By NOAH TRISTER
AP Sports Writer
DETROIT — Adrian Peterson rushed for over 2,000 yards last season, and Calvin Johnson nearly reached that same mark as a receiver.
Even in the quarterback-driven NFL, their remarkable performances stood out.
“A.P.’s the man. What he does, all the carries he gets, he doesn’t really take punishment, he dishes it out,” Johnson said. “That’s one way of keeping yourself in the game and staying healthy. That’s a grown man back there. Much respect to him and what he does. I just hope he doesn’t do it against us.”
Johnson and Peterson will resume trying to top each other when the Detroit Lions host the Minnesota Vikings on Sunday. Johnson set a record last season with 1,964 yards receiving, but that didn’t even get him serious mention in the Most Valuable Player discussion. Peterson won the award over Peyton Manning after rushing for 2,097 yards and leading Minnesota to the playoffs.
The Lions dropped their final eight games and finished 4-12. So while the Vikings try to prove last year wasn’t a fluke, Detroit hopes to return to the playoffs after making it two seasons ago for the first time in a dozen years.
Here are five things to watch in this early NFC North matchup:
QUARTERBACK CLASH: Although Peterson and Johnson are the main attractions, quarterbacks Matthew Stafford and Christian Ponder will be under the microscope. Stafford has thrown for more than 10,000 yards over the last two seasons, but he’s still facing questions around Detroit about whether he can win consistently against top competition.
Ponder, meanwhile, enters his second full season as Minnesota’s starter. He missed the team’s playoff game last season because of an elbow injury.
“By the time we got to our offseason program, he was well past that,” Vikings coach Leslie Frazier said. “There were no residual effects, so maybe a few weeks after the season ended, he was moving along and moving well. But no, there are no long-term effects. He’s raring to go.”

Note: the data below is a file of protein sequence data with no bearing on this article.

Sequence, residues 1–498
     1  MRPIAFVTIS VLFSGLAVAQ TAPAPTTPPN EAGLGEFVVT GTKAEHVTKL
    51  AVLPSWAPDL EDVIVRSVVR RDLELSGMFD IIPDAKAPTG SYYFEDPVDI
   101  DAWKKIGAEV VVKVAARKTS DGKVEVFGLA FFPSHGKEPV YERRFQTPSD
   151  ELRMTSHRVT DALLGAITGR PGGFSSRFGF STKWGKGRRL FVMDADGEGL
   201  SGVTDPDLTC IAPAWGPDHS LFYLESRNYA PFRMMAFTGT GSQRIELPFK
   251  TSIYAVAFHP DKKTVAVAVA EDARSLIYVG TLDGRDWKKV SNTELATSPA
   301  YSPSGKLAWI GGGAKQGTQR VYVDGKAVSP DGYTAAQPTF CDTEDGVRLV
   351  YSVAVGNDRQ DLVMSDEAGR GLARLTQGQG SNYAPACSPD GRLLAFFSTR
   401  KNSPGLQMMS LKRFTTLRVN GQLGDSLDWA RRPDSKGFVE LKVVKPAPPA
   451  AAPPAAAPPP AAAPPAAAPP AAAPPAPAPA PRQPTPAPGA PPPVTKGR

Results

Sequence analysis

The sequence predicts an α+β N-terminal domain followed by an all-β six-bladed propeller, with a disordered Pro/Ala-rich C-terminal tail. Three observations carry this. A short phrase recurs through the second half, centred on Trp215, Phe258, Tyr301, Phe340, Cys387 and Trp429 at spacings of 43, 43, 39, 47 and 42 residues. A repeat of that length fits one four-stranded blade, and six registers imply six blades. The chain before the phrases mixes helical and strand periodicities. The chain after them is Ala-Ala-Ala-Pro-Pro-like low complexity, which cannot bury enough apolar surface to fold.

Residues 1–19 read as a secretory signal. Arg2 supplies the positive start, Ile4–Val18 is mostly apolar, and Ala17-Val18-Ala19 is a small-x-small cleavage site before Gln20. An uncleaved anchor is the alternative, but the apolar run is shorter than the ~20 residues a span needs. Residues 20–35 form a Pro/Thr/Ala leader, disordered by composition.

Ponder will no longer have Percy Harvin to throw to after the multi-talented wide receiver was traded to Seattle.
BIG DEBUTS: The Lions hope newly acquired running back Reggie Bush can boost a rushing game that added little balance to the offense last season.
“I think this team is right where it needs to be,” Bush said. “I think the first thing you want to have on a team is guys that want to be here — the guys that aren’t just showing up for a check. … We have a lot of hard workers on this team. Our playmakers are some of the hardest workers on the team, and I think that’s important.”
The Vikings signed wide receiver Greg Jennings, who played seven seasons for division rival Green Bay. He’s been limited by abdominal and knee problems the last couple years.
BLOCKING ALLEN: Detroit lost tackles Jeff Backus (to retirement) and Gosder Cherilus (via free agency) — so the offensive line looks a bit different now. The first test is a big one: slowing Minnesota pass-rushing star Jared Allen.
Tackle Riley Reiff, a first-round draft pick in 2012, will play a bigger role this year, stepping into Backus’ spot at left tackle.
Allen has an NFL-best 117 sacks since entering the league in 2004.
MINNESOTA’S SECONDARY: The Vikings did a good job of containing Johnson in the first meeting with Detroit last season. Then in November, the Detroit star caught 12 passes for 207 yards and a touchdown in the rematch.
The Vikings let defensive back Antoine Winfield go, and it’s now up to cornerbacks Chris Cook, Josh Robinson and Xavier Rhodes to pick up the slack.
ANSAH’S STATUS: Detroit drafted defensive end Ziggy Ansah with the fifth overall pick. The Lions could use an immediate contribution from him after the team parted ways with defensive ends Cliff Avril and Kyle Vanden Bosch.
Ansah’s health is already a concern. He didn’t travel to the team’s last preseason game, and the Lions finally acknowledged that he’s been recovering from a concussion.
He was able to participate in drills at the start of Thursday’s practice.